Gender and role in conflict management: Female and male managers as third parties

Imen Benharda*, Jeanne M. Brett, Alain Lempereur

*Corresponding author for this work

Research output: Contribution to journalArticlepeer-review

7 Scopus citations

Abstract

This study tested hypotheses drawn from the literature on gender, leadership, and conflict management about the outcomes facilitated by men and women in third party roles in dispute resolution in organizations. Data collected in association with an MBA teambuilding exercise showed that when women played third party roles in which they lacked authority over disputants, they were able to facilitate an outcome that was both acceptable to disputants and met organizational interests, more than men in these roles or than men and women in third party roles with authority. Behavioral data suggested that this effect was due to women in the third party peer role eschewing and men in the third party role displaying agentic behavior. The study contributes to the literature on gender, leadership, and conflict management by showing women's traditional leadership strengths of collaboration and participation can result in unique outcomes when they have less rather than more authority over disputants.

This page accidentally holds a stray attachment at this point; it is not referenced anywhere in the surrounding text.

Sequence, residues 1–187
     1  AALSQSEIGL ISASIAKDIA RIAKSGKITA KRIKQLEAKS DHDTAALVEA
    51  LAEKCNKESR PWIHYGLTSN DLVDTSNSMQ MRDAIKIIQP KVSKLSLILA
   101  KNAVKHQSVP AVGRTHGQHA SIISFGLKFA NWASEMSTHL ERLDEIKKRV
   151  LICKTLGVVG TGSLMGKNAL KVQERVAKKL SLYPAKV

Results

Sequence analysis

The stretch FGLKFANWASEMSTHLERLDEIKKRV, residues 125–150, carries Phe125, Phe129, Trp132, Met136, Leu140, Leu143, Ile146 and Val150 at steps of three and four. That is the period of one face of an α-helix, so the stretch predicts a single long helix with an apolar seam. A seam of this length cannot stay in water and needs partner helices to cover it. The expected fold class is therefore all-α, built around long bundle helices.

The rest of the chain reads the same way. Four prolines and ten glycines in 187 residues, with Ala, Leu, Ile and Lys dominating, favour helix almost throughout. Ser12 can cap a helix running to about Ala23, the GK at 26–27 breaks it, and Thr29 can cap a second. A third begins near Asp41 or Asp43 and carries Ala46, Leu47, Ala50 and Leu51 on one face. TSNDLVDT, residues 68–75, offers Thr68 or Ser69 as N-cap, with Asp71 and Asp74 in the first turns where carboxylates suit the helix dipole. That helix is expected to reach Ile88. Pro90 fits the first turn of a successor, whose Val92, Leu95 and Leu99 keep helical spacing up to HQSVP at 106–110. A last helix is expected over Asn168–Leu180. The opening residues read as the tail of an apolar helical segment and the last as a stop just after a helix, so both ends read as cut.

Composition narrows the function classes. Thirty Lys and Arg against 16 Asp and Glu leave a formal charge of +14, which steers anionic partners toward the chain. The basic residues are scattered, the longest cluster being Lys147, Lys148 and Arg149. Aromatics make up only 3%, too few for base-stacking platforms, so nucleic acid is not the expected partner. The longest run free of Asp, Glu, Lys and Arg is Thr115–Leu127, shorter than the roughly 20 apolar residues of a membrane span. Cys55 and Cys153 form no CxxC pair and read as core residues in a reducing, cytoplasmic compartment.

Original languageEnglish (US)
Pages (from-to)79-93
Number of pages15
JournalNegotiation and Conflict Management Research
Volume6
Issue number2
DOIs
StatePublished - May 1 2013

Keywords

  • Conflict management style
  • Gender
  • Negotiation
  • Third party intervention

ASJC Scopus subject areas

  • Communication
  • Strategy and Management

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